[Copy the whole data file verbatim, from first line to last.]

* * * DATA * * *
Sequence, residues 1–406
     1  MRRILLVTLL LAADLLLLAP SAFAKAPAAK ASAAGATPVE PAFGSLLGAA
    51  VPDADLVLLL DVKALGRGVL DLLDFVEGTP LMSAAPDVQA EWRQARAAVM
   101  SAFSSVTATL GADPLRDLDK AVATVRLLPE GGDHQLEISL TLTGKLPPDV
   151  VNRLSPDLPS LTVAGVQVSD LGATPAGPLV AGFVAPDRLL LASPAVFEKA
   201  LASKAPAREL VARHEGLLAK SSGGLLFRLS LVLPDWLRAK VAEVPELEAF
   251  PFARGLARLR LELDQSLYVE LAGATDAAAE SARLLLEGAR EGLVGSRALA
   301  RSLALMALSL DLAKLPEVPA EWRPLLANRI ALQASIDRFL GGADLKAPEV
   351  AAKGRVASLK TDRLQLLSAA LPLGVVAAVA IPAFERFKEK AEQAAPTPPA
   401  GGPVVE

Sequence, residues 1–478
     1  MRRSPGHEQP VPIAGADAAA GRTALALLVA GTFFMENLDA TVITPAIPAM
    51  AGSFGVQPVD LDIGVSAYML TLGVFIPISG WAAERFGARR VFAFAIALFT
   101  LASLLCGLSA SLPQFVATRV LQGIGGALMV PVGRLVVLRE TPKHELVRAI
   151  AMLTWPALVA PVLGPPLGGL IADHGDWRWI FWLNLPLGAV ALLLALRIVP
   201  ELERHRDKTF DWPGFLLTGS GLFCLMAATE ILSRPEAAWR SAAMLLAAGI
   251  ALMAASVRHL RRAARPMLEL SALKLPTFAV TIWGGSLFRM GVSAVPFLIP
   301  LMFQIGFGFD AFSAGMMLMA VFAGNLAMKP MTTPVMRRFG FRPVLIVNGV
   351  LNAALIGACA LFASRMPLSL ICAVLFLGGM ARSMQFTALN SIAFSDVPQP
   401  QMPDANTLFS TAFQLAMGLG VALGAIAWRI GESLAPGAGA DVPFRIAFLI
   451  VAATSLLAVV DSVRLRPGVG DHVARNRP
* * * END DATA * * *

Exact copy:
Sequence, residues 1–406
     1  MRRILLVTLL LAADLLLLAP SAFAKAPAAK ASAAGATPVE PAFGSLLGAA
    51  VPDADLVLLL DVKALGRGVL DLLDFVEGTP LMSAAPDVQA EWRQARAAVM
   101  SAFSSVTATL GADPLRDLDK AVATVRLLPE GGDHQLEISL TLTGKLPPDV
   151  VNRLSPDLPS LTVAGVQVSD LGATPAGPLV AGFVAPDRLL LASPAVFEKA
   201  LASKAPAREL VARHEGLLAK SSGGLLFRLS LVLPDWLRAK VAEVPELEAF
   251  PFARGLARLR LELDQSLYVE LAGATDAAAE SARLLLEGAR EGLVGSRALA
   301  RSLALMALSL DLAKLPEVPA EWRPLLANRI ALQASIDRFL GGADLKAPEV
   351  AAKGRVASLK TDRLQLLSAA LPLGVVAAVA IPAFERFKEK AEQAAPTPPA
   401  GGPVVE

Sequence, residues 1–478
     1  MRRSPGHEQP VPIAGADAAA GRTALALLVA GTFFMENLDA TVITPAIPAM
    51  AGSFGVQPVD LDIGVSAYML TLGVFIPISG WAAERFGARR VFAFAIALFT
   101  LASLLCGLSA SLPQFVATRV LQGIGGALMV PVGRLVVLRE TPKHELVRAI
   151  AMLTWPALVA PVLGPPLGGL IADHGDWRWI FWLNLPLGAV ALLLALRIVP
   201  ELERHRDKTF DWPGFLLTGS GLFCLMAATE ILSRPEAAWR SAAMLLAAGI
   251  ALMAASVRHL RRAARPMLEL SALKLPTFAV TIWGGSLFRM GVSAVPFLIP
   301  LMFQIGFGFD AFSAGMMLMA VFAGNLAMKP MTTPVMRRFG FRPVLIVNGV
   351  LNAALIGACA LFASRMPLSL ICAVLFLGGM ARSMQFTALN SIAFSDVPQP
   401  QMPDANTLFS TAFQLAMGLG VALGAIAWRI GESLAPGAGA DVPFRIAFLI
   451  VAATSLLAVV DSVRLRPGVG DHVARNRP